Liesa Stiller 
Member since Oct 3, 2013


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Re: “The rise in urban chicken-keeping has led to unforeseen problems

Ms. Server,

I was disgusted by the biased and poorly-researched coverage of the problems associated with urban chickens, as stated in your October 2 article. It was proof to me that objective journalism, which is supposed to be about information, is dead. If a simple story about urban and backyard chickens can’t be written with any amount of journalistic integrity, then journalism is indeed dead. In its place are reporters like you, who prefer to stir the pot for their own gain, play on fear and prejudice, and add sensationalism rather than context to make a piece more attractive to readers, even if it sacrificed accuracy.

I first heard about this story when you posted in the Pittsburgh chicken-related groups on facebook, trolling for tips and information to support a story you planned to write about how chickens were being dumped at area shelters. You felt the need to add in your post that you were “(pro-chicken, by the way).” At least one poster responded that this issue had been explored in the media before and was not found to be the crisis that was claimed. Others pointed out the chicken placement assistance given privately by area organizations. After publishing your piece, you removed the posting – maybe because you knew all along that your piece would be biased against raising chickens. Why else would you need to hide the fact that your research came from facebook posts that you solicited under false pretenses. That move shows some real integrity!

While you have mentioned some facts and sources, you didn’t bother to get the context right. While it is true that “Chickens can live between eight and 15 years,” most die of natural causes before they are five or six. While “Backyard Poultry magazine estimates that the accuracy of sexing chicks is 50-50,” professional sexers at hatcheries (where most urbanites get chicks from) average 90% accuracy in standard size chicks (bantams are not sexed). Purchasing pullets from a breeder increases those odds to 99%, since breeders are familiar with the breeds they raise and will not sell what the customer does not want. As to the “dramatic increase” in chickens being turned into shelters, you should have provided some context: How many are hens vs. how many are roosters? The majority of sheltered fowl are roosters, because they are not permitted by zoning and are not going to lay eggs. How many began their lives as “Easter chicks” unaffiliated with any “foodie” movement? Or cockfighting operations? How many came to area shelters from farm rescue operations? There were a number of birds brought into a Pittsburgh shelter from a farm in Ohio this year, so what part of your ‘dramatic increase’ in discarded chickens do they make up? How about the 52 chickens (and 10 other fowl) seized from a suspected slaughter operation in June of this year? Are they part of your “dramatic increase” too?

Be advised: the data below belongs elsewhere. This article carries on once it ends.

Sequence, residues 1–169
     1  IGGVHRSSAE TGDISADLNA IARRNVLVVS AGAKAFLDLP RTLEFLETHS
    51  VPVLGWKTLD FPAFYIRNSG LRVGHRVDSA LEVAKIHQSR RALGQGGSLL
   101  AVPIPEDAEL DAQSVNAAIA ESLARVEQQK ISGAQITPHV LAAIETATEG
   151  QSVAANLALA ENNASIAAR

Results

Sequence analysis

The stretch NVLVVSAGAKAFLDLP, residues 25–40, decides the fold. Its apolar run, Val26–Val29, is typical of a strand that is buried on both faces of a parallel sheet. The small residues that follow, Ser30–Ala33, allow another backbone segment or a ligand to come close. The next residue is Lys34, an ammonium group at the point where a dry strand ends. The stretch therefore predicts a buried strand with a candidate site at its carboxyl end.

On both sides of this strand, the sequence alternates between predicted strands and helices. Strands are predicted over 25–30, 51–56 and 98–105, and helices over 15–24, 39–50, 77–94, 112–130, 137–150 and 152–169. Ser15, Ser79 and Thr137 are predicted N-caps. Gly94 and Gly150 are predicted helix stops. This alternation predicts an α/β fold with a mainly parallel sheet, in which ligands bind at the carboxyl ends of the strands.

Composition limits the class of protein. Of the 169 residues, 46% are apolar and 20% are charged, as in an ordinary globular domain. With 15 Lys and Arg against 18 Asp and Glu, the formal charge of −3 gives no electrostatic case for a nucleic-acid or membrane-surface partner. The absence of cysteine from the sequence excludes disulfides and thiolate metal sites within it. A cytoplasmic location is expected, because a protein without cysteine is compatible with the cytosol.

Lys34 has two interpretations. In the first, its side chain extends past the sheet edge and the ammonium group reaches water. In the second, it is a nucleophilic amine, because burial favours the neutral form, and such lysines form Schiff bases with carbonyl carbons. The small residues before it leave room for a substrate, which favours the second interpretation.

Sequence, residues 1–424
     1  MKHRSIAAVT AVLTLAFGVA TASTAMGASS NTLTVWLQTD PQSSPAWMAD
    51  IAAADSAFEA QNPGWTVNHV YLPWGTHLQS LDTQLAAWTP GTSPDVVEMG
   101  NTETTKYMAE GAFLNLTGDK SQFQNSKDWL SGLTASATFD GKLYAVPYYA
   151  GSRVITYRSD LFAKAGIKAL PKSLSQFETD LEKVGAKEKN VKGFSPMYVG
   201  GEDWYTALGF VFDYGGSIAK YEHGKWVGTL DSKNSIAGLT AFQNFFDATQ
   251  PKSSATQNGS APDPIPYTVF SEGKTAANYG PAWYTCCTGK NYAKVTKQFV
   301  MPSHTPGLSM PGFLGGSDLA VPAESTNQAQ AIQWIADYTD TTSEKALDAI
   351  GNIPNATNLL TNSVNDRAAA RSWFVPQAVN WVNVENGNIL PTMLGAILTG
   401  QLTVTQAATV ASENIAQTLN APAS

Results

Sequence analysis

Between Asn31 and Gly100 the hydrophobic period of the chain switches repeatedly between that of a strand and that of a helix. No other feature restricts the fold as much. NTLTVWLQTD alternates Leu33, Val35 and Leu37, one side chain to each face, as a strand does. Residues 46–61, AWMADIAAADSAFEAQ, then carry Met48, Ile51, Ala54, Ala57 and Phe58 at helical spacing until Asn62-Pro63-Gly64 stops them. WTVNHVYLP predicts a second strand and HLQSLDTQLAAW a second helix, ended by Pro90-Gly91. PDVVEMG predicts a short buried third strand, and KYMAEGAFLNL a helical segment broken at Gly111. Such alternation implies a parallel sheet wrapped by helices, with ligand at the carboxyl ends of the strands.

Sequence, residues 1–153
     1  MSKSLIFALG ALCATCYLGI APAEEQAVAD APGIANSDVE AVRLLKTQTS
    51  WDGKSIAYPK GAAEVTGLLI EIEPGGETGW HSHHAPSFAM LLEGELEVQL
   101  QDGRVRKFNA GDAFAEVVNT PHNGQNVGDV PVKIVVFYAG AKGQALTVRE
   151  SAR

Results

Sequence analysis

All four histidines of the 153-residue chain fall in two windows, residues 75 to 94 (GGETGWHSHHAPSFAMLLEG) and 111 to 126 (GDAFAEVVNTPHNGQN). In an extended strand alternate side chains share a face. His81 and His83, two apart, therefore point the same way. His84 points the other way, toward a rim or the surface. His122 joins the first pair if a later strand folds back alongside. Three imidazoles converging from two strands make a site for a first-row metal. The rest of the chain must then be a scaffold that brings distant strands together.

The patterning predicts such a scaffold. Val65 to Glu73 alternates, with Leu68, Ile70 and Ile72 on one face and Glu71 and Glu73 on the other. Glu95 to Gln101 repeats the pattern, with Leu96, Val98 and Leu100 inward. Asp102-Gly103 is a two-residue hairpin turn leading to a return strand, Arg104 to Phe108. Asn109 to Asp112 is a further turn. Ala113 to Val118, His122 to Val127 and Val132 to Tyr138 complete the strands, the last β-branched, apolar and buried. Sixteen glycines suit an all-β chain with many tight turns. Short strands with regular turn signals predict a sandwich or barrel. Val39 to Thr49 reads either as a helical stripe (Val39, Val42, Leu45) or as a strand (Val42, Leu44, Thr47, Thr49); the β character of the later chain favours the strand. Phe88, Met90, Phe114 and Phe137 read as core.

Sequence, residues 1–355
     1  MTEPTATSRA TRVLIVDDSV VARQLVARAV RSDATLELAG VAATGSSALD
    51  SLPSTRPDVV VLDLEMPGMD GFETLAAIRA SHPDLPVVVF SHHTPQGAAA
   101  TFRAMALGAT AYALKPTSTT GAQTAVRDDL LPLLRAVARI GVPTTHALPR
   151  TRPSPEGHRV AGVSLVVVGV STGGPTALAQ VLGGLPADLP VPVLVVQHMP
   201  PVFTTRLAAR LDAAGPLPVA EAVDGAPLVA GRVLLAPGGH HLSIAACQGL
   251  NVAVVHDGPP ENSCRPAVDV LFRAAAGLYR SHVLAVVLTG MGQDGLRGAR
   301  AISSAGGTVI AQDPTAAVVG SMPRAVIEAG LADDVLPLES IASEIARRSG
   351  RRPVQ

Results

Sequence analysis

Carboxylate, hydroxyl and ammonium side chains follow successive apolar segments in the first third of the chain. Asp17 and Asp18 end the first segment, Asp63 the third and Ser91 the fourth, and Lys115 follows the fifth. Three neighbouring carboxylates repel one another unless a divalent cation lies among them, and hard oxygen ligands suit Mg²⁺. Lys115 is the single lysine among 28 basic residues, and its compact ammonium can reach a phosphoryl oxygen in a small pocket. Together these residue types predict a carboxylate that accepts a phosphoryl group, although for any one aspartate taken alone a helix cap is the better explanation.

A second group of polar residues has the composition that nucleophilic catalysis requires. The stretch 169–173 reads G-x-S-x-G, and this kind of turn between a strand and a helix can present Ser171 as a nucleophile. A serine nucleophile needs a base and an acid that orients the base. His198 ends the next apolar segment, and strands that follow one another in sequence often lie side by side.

These were all things you could have mentioned. A responsible journalist would have made this piece about information, not sensation. She probably wouldn’t have done the majority of her research on facebook and in an issue of Backyard Poultry magazine. A responsible journalist would have informed the public about why the “dramatic increase” exists (if it actually does) and what can be done to avoid it. She would not have played on the prejudice that people have about urban chickens and the trendiness of the topic just to get a story out. There are ways to avoid getting roosters, ways to deal with old laying hens, ways to deal with birds that folks just don’t want anymore – ways that do not involve dumping at shelters. A responsible journalist could have tempered the sensation with information, and you, Ms. Server, did not do this. Maybe you are not familiar with saying that if something is worth doing, it's worth doing right.

LC Stiller

11 likes, 1 dislike
Posted by Liesa Stiller on 10/03/2013 at 10:59 AM

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